1. Emergence and re-emergence of viral diseases of the central nervous system.

    PubMed

    Griffin, Diane E

    2010-06-01

    Neurologic disease is a major cause of disability in resource-poor countries and a substantial portion of this disease is due to infections of the CNS. A wide variety of emerging and re-emerging viruses contribute to this disease burden. New emerging infections are commonly due to RNA viruses that have expanded their geographic range, spread from animal reservoirs or acquired new neurovirulence properties. Mosquito-borne viruses with expanding ranges include West Nile virus, Japanese encephalitis virus and Chikungunya virus. Zoonotic viruses that have recently crossed into humans to cause neurologic disease include the bat henipaviruses Nipah and Hendra, as well as the primate-derived human immunodeficiency virus. Viruses adapt to new hosts, or to cause more severe disease, by changing their genomes through reassortment (e.g. influenza virus), mutation (essentially all RNA viruses) and recombination (e.g. vaccine strains of poliovirus). Viruses that appear to have recently become more neurovirulent include West Nile virus, enterovirus 71 and possibly Chikungunya virus. In addition to these newer challenges, rabies, polio and measles all remain important causes of neurologic disease despite good vaccines and global efforts toward control. Control of human rabies depends on elimination of rabies in domestic dogs through regular vaccination. Poliovirus eradication is challenged by the ability of the live attenuated vaccine strains to revert to virulence during the prolonged period of gastrointestinal replication. Measles elimination depends on delivery of two doses of live virus vaccine to a high enough proportion of the population to maintain herd immunity for this highly infectious virus. PMID:20004230

  2. Multiplex diagnosis of viral infectious diseases (AIDS, hepatitis C, and hepatitis A) based on point of care lateral flow assay using engineered proteinticles.

    PubMed

    Lee, Jong-Hwan; Seo, Hyuk Seong; Kwon, Jung-Hyuk; Kim, Hee-Tae; Kwon, Koo Chul; Sim, Sang Jun; Cha, Young Joo; Lee, Jeewon

    2015-07-15

    Lateral flow assay (LFA) is an attractive method for rapid, simple, and cost-effective point of care diagnosis. For LFA-based multiplex diagnosis of three viral intractable diseases (acquired immune deficiency syndrome and hepatitis C and A), here we developed proteinticle-based 7 different 3D probes that display different viral antigens on their surface, which were synthesized in Escherichia coli by self-assembly of human ferritin heavy chain that was already engineered by genetically linking viral antigens to its C-terminus. Each of the three test lines on LFA strip contains the proteinticle probes to detect disease-specific anti-viral antibodies. Compared to peptide probes, the proteinticle probes were evidently more sensitive, and the proteinticle probe-based LFA successfully diagnosed all the 20 patient sera per each disease without a false negative signal, whereas the diagnostic sensitivities in the peptide probe-based LFAs were 65-90%. Duplex and triplex assays performed with randomly mixed patient sera gave only true positive signals for all the 20 serum mixtures without any false positive signals, indicating 100% sensitivity and 100% specificity. It seems that on the proteinticle surface the antigenic peptides have homogeneous orientation and conformation without inter-peptide clustering and hence lead to the enhanced diagnostic performance with solving the problems of traditional diagnostic probes. Although the multiplex diagnosis of three viral diseases above was demonstrated as proof-of-concept here, the proposed LFA system can be applied to multiplex point of care diagnosis of other intractable diseases. PMID:25747506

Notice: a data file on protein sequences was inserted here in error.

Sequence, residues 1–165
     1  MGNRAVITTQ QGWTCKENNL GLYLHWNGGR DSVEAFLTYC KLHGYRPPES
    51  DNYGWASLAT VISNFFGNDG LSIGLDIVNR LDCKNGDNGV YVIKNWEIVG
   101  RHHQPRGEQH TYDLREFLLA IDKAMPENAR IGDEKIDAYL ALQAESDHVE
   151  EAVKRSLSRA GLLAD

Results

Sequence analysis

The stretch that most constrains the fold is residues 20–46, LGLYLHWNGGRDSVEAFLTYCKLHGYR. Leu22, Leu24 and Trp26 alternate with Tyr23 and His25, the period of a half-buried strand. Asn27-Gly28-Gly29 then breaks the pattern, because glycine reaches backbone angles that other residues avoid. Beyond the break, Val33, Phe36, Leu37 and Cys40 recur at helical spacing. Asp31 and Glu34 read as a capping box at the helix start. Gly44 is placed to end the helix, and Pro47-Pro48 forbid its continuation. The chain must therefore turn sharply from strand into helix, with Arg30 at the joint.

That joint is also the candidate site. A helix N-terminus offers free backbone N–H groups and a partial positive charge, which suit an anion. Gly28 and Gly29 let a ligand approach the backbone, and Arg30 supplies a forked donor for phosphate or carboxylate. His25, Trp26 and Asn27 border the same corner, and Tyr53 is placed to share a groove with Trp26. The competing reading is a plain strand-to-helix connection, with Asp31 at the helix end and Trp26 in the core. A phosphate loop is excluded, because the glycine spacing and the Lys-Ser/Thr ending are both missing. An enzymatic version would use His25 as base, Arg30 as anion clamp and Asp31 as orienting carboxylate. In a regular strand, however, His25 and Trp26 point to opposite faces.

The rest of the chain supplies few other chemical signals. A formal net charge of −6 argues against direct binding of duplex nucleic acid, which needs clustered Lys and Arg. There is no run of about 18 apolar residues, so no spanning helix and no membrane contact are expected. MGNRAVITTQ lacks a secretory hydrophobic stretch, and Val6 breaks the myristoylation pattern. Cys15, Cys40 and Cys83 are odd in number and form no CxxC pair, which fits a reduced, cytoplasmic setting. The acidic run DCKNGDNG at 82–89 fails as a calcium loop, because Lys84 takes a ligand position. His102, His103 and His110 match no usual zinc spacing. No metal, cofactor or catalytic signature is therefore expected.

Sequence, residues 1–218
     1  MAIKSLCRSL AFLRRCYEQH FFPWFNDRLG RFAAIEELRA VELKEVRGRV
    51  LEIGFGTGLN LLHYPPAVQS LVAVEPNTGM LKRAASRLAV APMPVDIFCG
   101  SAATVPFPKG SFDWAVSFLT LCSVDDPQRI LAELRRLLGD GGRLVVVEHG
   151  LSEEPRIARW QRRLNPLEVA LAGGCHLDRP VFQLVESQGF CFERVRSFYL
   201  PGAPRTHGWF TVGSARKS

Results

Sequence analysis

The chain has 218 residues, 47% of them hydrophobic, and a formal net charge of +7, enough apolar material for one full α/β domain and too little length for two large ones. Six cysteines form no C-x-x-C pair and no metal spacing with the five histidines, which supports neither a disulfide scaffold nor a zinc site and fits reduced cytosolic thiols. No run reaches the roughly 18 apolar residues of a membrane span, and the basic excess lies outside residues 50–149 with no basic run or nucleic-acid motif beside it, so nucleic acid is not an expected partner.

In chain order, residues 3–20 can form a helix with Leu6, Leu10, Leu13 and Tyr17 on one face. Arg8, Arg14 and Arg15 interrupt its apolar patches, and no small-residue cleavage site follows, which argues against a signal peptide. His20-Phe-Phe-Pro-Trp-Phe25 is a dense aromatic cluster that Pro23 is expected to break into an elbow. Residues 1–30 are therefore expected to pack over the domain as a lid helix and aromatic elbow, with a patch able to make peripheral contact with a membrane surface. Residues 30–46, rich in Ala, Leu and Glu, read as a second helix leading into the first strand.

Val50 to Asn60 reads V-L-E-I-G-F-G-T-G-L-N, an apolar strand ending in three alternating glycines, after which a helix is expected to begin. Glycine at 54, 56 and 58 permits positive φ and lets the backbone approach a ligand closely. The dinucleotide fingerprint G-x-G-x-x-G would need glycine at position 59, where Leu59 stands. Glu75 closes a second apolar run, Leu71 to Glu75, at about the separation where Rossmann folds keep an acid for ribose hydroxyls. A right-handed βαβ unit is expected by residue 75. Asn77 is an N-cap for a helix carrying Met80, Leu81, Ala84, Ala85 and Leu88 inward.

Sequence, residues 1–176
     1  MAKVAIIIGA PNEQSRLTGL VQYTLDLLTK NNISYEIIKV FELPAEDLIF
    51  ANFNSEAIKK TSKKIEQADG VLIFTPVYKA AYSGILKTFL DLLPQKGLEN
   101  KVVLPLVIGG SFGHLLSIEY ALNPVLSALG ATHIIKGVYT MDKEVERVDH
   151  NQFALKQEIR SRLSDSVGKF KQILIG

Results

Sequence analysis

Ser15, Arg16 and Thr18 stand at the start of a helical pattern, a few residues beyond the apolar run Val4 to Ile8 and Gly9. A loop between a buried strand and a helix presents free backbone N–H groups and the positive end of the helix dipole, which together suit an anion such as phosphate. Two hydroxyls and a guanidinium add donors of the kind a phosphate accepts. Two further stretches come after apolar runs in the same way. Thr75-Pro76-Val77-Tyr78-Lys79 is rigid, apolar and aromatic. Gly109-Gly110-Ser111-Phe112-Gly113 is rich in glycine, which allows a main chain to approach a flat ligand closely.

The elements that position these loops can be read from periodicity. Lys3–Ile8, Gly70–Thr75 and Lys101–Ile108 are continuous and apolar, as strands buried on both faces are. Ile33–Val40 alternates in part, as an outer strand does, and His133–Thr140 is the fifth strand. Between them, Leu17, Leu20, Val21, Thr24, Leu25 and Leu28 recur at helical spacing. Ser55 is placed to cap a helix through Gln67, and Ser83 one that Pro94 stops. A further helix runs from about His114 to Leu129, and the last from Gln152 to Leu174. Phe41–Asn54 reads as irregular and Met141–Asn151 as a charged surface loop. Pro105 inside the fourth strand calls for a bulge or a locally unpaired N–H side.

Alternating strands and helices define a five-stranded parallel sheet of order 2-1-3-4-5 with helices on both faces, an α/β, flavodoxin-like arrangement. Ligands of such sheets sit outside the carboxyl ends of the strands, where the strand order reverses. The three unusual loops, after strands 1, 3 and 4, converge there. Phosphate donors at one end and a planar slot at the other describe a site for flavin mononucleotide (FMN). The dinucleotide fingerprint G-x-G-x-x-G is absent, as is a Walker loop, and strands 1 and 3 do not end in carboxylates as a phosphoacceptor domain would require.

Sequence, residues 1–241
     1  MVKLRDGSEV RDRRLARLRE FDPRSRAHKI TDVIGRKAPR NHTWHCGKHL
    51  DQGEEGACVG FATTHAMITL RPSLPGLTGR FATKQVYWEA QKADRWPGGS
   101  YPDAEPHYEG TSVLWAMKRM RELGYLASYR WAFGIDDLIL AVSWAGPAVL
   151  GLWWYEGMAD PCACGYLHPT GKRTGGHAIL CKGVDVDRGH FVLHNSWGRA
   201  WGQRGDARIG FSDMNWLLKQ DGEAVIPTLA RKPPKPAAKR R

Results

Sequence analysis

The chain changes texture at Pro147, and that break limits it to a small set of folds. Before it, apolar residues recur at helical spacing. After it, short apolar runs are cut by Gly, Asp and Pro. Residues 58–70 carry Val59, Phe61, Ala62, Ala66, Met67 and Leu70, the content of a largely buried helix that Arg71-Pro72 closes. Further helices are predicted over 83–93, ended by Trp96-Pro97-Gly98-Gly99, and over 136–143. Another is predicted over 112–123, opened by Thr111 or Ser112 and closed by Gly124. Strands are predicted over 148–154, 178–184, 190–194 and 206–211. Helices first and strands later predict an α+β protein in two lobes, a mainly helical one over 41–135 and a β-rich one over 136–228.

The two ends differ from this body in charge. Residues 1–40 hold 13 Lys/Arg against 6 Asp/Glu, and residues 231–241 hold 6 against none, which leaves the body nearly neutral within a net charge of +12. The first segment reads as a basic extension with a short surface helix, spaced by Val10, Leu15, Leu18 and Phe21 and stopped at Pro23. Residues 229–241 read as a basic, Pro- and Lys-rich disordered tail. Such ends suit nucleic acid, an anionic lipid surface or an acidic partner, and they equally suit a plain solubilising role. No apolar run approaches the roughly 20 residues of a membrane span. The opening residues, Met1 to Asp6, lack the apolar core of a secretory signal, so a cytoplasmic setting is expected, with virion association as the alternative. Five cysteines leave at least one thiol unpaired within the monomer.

3. A Recombinant Avian Leukosis Virus Subgroup J for Directly Monitoring Viral Infection and the Selection of Neutralizing Antibodies

    PubMed Central

    Wang, Qi; Li, Xiaofei; Ji, Xiaolin; Wang, Jingfei; Shen, Nan; Gao, Yulong; Qi, Xiaole; Wang, Yongqiang; Gao, Honglei; Zhang, Shide; Wang, Xiaomei

    2014-01-01

    Avian leukosis virus subgroup J (ALV-J) has induced serious clinical outbreaks and has become a serious infectious disease of chickens in China. We describe here the creation of a recombinant ALV-J tagged with the enhanced green fluorescent protein (named rHPRS-103EGFP). We successfully utilize the rHPRS-103EGFP to visualize viral infection and for development of a simplified serum-neutralization test. PMID:25522008

  4. ENGINEERED VIRAL VACCINE CONSTRUCTS WITH DUAL SPECIFICITY: AVIAN INFLUENZA AND NEWCASTLE DISEASE

    Technology Transfer Automated Retrieval System (TEKTRAN)